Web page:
There is also a free version of DraftSight that looks and feels just like Autocad. I've used it at home until I get more comfortable with Sketchup. Now I mostly do everything with Sketchup..


Corporate Member
I think it depends on how you intend to use the information. I mainly use three computer design tools:

AutoCAD is great for testing quick ideas with hard dimensions and for drafting shop drawings to take into the shop for marking wood.

SketchUp can create 3D models for better understanding design. It is simple (and free) to start using. To advance with it takes quite a bit of learning, practice, and some plugins.

Maxwell 3D renders photorealistic views and VR (360°) with "unbiased" calculations. (It doesn't fake light and color cast.) This helps clients understand designs as they interact with the surrounding sunlight, color, and materials. This is overkill for stand-alone furniture, but useful for a larger scene within architecture. Loads of product design is rendered these days, and many car commercials too.

Obviously, CNC requires a different different tool chain and work flow to instruct the machine, but I don't have one.

There's no perfect tool. Simply plowing into the material without drawings works for many, and a quick hand sketch for others. I find great craftsmen often use a rather simple tool set, but they use it well for their process.

Dave Richards

Senior User
I think it's great that there are different options available so that folks can choose. Same thing with woodworking tools.

At the risk of offending the OP, I find SketchUp to be more than capable of handling everything I need out of it for woodworking and more. For me it's great for quick sketches, illustrations to communicate with a client, or my wife, and detailed models for sorting out joinery, creating plans, and getting instant materials lists. Full size patterns are a cinch as are files for CNC and 3D printing. Like any tool there's a learning curve but with the right help it isn't long or steep. It does take practice but so does everything else.

Mike Davis

Corporate Member
In the beginning everyone struggles to get their ideas on paper or these days into a computer. You need this process to help your skills evolve and to achieve clarity of thought. As you progress you need more drawings, better software, greater control and more detail. As your skill grows and your mind expands you learn to do with less and put your effort into making rather than imagining.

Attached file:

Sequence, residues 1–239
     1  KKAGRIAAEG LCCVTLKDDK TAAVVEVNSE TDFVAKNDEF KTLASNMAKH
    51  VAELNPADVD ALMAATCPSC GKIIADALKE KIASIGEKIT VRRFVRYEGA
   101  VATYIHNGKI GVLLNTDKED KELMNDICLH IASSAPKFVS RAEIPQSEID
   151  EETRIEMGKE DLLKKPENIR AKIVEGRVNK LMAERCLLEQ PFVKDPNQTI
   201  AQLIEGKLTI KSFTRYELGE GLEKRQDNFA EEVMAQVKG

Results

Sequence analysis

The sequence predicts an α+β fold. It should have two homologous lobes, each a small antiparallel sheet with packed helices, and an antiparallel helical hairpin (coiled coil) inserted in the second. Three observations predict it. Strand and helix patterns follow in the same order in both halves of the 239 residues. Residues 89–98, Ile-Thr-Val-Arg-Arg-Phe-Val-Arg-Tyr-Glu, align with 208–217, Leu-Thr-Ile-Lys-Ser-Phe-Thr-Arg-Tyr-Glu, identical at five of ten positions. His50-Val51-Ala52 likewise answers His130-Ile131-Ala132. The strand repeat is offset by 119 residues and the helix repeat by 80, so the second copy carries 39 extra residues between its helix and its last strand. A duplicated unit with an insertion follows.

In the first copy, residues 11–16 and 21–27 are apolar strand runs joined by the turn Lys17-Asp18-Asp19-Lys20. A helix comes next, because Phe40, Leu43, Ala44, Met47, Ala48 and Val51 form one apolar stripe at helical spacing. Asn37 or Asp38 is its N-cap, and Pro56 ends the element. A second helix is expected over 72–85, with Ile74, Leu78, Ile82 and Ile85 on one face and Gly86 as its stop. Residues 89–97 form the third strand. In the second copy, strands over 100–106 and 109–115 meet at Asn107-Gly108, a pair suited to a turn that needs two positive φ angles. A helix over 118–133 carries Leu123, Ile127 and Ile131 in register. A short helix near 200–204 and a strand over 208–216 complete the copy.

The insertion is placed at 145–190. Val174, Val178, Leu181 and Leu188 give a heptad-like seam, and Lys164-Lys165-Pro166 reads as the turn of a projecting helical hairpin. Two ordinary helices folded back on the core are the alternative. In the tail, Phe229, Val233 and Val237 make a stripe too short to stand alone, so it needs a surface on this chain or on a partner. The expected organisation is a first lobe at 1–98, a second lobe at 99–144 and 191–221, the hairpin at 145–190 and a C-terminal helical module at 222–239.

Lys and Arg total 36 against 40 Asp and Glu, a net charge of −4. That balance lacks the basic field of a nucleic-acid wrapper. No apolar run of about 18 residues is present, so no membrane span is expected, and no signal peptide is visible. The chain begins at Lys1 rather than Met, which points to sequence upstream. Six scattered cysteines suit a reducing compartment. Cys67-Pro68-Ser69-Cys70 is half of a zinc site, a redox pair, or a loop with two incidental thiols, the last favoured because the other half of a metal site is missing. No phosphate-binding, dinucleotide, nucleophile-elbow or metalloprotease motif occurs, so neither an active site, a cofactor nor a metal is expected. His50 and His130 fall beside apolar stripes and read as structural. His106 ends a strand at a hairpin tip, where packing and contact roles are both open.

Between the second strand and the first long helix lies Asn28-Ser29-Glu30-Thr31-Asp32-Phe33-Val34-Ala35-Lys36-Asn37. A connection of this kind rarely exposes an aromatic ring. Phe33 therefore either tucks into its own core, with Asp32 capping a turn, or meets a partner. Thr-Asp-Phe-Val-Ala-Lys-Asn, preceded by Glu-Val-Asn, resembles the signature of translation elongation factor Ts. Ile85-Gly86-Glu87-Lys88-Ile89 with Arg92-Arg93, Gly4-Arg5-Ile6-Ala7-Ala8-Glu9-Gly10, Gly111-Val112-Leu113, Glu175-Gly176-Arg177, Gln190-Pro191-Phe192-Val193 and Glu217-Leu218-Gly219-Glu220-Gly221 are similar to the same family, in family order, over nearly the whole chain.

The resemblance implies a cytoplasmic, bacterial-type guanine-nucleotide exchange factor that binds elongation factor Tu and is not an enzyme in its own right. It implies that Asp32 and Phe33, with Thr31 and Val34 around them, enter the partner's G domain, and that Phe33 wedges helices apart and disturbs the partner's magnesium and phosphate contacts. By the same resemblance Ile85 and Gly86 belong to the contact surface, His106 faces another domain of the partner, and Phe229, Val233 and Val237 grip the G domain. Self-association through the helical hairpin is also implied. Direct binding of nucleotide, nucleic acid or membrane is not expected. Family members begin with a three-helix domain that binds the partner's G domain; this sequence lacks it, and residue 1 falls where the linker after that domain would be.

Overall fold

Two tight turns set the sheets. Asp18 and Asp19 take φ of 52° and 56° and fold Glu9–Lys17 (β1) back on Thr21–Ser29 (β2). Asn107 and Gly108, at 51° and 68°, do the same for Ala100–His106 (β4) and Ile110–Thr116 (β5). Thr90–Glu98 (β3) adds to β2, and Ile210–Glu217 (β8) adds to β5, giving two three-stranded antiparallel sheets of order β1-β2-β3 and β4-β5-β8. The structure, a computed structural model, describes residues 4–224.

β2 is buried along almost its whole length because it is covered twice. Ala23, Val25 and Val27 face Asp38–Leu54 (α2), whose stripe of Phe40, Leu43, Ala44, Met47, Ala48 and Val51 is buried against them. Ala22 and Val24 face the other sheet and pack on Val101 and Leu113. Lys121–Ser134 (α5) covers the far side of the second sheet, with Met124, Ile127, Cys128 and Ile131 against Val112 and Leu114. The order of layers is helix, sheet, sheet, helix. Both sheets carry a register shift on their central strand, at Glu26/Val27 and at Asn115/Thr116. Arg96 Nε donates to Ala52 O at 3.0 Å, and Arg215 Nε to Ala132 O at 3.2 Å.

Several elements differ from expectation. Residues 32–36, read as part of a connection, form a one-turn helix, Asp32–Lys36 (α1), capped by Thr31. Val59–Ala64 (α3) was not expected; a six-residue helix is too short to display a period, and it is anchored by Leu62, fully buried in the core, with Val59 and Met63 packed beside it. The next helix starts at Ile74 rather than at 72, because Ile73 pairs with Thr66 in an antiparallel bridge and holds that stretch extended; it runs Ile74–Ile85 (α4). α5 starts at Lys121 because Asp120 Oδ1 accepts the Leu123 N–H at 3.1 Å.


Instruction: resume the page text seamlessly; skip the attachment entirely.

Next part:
Dave Richards

Senior User
I use Sketch Up mostly but now that they are going to the Subscription pay scale...

The Subscription option offered by SketchUp is in addition to the Classic perpetual license they've always offered. They have not removed the perpetual license. The Classic license gets you SketchUp Pro and LayOut as with previous versions and also 10 GB of cloud data storage. The Subscription license is for SketchUp Pro, LayOut, SketchUp Shop, AR/VR Mobile viewer, and unlimited cloud data storage.


New User
plus one for SolidWorks. The parametric modeling concept is an awesomely powerful tool. Unfortunately, SW only becomes easy to use with a lot of practice, but I for one consider well worth it. Looking back on Sketchup and 2-D packages like AutoCad, I am now hooked on SW.


New User
I have used many CAD packages but currently I use Onshape at home and professionally. It's another free cloud based parametric CAD package. One of the big benefits is an open source like API that allow users to develop custom features. There are a bunch of features to make modeling things like all kinds of wood working joints much easier.

Stuart Kent

Senior User
I have used Sketchup for many years now and am now training on Fusion 360 and love it. Fusion has a definite learning curve but it can do a LOT in terms of CAD and CAM. The more I use it, the more impressed I am with the 3D modeling capabilities for advancing CNC designs.

Pop Golden

New User
I use my computer for graphic design, photo, tv editing, drawing & web work. When it comes to project design, I drop back to my board & "T"square. I'm a old draftsman, and I still can't see scale on a computer screen like I can on paper.